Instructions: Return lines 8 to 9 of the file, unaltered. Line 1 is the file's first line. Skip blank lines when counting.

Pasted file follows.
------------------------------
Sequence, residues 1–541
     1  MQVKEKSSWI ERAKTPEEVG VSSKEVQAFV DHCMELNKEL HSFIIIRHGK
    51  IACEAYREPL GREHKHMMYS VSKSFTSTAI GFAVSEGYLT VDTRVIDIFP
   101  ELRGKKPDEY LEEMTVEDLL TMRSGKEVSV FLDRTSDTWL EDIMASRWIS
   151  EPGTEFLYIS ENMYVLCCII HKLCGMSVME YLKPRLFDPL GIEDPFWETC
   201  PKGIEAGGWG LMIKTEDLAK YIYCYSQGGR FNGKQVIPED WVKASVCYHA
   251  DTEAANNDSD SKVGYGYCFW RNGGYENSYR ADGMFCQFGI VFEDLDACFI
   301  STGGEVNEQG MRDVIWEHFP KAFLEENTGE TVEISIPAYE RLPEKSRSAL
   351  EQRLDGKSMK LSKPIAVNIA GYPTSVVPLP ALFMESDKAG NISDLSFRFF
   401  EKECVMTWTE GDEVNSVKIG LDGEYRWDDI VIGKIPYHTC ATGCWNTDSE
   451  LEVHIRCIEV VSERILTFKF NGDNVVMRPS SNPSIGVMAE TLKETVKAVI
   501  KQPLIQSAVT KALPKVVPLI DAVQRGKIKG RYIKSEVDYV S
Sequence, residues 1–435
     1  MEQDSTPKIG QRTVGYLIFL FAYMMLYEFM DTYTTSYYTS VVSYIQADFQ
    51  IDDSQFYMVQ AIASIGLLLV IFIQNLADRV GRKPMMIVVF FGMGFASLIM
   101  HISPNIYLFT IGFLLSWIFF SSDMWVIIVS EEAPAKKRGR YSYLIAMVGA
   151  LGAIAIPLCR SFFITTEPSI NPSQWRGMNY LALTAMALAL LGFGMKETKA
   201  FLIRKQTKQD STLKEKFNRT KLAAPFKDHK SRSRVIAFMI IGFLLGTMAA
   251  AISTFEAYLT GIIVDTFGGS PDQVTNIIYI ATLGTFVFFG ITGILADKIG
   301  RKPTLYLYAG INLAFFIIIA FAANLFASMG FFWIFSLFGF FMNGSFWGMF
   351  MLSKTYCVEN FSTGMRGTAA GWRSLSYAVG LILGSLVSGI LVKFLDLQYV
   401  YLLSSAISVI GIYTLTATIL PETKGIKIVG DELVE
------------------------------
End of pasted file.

   301  STGGEVNEQG MRDVIWEHFP KAFLEENTGE TVEISIPAYE RLPEKSRSAL
   351  EQRLDGKSMK LSKPIAVNIA GYPTSVVPLP ALFMESDKAG NISDLSFRFF